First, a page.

It’s not Called "Russian" Roulette for Nothing: Russia is the Ultimate No-Win Proposition

An editorial in the Financial Times spells out the risks of foreigners doing business in Russia. When considered, these risks make it clear that nobody should do so, and anyone who does richly deserves the suffering she/he receives. First, the Russian government may simply steal your investment. Ask Mikhail Khodorkovsky. Second, your investment may be eaten up by Russian corruption. Third, you may be killed either because you pose a threat to the Kremlin directly or to some organized criminal cartel within its ambit or opposed to it. Fourth, even if you somehow avoid all these perils, the Russian economy is based on smoke and mirrors (it’s a giant Enron) and may collapse at any time. Finally, even if none of that happens, you will face increasing political attacks from your own government abroad as Russia speedily becomes a loathed international pariah very similar to the position South Africa used to occupy. Your reputation will be tainted as both a supporter human rights atrocities and one who does business by means of corruption (the only way to succeed in Russia).

Now, foreign investor, La Russophobe dares to ask you: Is it worth it?

Some 6,000 delegates attended the St Petersburg economic forum in Russia last weekend, including more than 100 chief executives of leading global companies. It was an impressive demonstration of international interest in the Russian economy. It was also, in the words of one Russian participant, distinctly reminiscent of a Communist party congress, where the only speakers were chosen by the ruling bureaucracy.

The occasion underlined the growing divide between international investors in Russia, who are making excellent returns, and western politicians, who are increasingly concerned at the authoritarian drift in the Kremlin. The businessmen used the St Petersburg forum to heap praises on Vladimir Putin, the Russian president. Some criticised Tony Blair, the British prime minister, for warning of the political risks to future investment. Instead, they should have used the occasion to spell out a few home truths themselves.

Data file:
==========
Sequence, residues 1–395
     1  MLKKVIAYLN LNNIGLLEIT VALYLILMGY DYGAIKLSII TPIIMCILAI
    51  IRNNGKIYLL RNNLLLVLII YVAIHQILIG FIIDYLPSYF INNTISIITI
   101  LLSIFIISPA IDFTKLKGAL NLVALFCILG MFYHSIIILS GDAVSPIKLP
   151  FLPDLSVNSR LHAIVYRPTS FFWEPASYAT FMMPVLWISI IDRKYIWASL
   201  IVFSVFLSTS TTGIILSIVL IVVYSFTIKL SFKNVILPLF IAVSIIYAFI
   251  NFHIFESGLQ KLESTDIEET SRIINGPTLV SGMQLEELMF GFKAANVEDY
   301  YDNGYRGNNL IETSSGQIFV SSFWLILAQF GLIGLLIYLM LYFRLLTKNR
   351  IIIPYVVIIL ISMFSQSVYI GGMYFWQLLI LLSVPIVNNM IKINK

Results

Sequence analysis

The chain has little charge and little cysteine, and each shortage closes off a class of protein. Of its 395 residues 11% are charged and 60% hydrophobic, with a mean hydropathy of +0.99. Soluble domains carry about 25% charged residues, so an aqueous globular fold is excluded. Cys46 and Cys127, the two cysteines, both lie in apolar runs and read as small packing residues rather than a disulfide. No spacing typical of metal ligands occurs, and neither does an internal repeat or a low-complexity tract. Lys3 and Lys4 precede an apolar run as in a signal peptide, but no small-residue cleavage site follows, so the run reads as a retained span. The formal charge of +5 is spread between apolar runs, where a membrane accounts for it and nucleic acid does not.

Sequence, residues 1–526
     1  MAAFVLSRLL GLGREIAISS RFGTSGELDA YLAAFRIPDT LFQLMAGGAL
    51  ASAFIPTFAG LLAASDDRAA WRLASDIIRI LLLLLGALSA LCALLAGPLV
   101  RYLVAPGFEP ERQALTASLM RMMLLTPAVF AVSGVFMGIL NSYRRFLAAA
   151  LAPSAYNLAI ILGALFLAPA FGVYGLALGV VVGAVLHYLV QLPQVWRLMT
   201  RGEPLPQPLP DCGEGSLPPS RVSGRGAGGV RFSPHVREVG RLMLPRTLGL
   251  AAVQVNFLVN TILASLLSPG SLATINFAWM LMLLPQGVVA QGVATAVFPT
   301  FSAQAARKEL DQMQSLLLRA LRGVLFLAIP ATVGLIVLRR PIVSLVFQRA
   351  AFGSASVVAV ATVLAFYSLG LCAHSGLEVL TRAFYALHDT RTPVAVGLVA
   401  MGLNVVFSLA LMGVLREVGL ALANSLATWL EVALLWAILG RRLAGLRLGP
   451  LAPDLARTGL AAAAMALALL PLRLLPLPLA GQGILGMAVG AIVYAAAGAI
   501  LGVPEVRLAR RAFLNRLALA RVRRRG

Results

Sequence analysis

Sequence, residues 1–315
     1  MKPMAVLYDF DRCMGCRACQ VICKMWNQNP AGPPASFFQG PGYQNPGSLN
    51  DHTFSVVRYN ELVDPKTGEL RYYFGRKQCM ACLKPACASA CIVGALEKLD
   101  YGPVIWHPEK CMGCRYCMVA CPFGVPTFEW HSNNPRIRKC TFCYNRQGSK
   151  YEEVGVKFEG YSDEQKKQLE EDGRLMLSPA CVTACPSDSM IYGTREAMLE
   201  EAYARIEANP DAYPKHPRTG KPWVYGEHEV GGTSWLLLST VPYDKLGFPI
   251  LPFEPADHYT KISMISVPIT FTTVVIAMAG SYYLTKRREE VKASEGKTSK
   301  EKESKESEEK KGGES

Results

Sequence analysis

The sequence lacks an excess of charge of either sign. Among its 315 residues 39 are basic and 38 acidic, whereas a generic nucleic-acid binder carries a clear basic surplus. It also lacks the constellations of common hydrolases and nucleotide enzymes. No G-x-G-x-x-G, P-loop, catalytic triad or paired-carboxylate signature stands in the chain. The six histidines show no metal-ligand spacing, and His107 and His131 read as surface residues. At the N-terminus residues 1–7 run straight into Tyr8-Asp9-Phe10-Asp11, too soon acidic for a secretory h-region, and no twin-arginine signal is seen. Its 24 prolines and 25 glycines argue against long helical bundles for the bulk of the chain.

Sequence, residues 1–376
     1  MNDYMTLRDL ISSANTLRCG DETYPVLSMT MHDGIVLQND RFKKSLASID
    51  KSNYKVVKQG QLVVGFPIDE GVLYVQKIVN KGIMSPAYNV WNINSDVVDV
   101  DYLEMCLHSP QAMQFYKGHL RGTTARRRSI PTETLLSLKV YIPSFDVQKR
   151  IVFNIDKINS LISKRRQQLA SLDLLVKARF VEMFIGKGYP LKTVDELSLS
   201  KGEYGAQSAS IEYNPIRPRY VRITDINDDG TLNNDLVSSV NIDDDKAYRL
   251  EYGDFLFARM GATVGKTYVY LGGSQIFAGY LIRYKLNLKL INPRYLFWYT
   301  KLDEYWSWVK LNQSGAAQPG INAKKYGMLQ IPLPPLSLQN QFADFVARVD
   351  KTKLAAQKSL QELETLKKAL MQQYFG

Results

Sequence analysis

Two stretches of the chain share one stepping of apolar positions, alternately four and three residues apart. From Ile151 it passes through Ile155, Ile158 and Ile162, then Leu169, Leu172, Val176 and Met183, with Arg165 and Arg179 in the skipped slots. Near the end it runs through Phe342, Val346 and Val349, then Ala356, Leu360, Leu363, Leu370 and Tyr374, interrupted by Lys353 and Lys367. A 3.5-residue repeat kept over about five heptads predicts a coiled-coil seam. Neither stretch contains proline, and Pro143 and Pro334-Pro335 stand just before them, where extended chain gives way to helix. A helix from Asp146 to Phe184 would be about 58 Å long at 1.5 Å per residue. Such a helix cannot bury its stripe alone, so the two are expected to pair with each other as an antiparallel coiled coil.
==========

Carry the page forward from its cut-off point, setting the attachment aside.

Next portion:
In Russia today, the rule of law remains erratic, the courts are corrupt, and property ownership can seldom be guaranteed. Moreover, in an autocratic society – even if it is politely called a “managed democracy” – decision-making is much less predictable than in an open democratic society.

Anyone who does business in Russia must do so with their eyes open. They must recognise that politics, as much as economics, dictates the commercial climate. It is whom you know, as much as what you know, that is the key to success. That means the risks are greater, but so are the rewards. Anything to do with the state, or oil and gas and raw materials, carries the greatest risk of interference or expropriation. Those are the sectors that Mr Putin wishes to control. Others, such as telecommunications, are not level playing fields. The car market is the latest to see renewed state intervention, with Rosoboroneksport, the arms manufacturer, taking control of Lada.

Doing business in Russia also carries a reputational risk: international accountancy firms are finding to their peril that local operations come under enormous political pressure to cut corners.

Of course Russia has changed, beyond all recognition, from the dreadful old world of state controls and five-year plans. But it has yet to decide what sort of capitalism it is going to adopt. Anyone doing business there would do well to remember the words of Vladimir Ilyich Lenin: “A capitalist is someone who sells you the rope with which you hang him.” They have not been entirely forgotten in Moscow.

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